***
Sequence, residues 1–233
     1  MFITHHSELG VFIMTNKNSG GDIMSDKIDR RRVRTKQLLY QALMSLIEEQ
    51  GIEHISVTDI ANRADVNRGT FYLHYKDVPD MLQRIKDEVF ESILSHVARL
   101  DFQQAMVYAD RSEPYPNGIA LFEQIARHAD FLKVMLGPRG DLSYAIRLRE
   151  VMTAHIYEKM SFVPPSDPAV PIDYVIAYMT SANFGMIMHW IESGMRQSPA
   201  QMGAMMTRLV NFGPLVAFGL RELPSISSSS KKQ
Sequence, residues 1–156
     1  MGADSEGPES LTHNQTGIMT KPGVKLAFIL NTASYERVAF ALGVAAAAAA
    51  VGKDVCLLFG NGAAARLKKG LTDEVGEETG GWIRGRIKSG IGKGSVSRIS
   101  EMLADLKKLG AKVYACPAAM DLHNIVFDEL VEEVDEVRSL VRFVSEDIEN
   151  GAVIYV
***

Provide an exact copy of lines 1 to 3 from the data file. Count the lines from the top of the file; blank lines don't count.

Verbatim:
Sequence, residues 1–233
     1  MFITHHSELG VFIMTNKNSG GDIMSDKIDR RRVRTKQLLY QALMSLIEEQ
    51  GIEHISVTDI ANRADVNRGT FYLHYKDVPD MLQRIKDEVF ESILSHVARL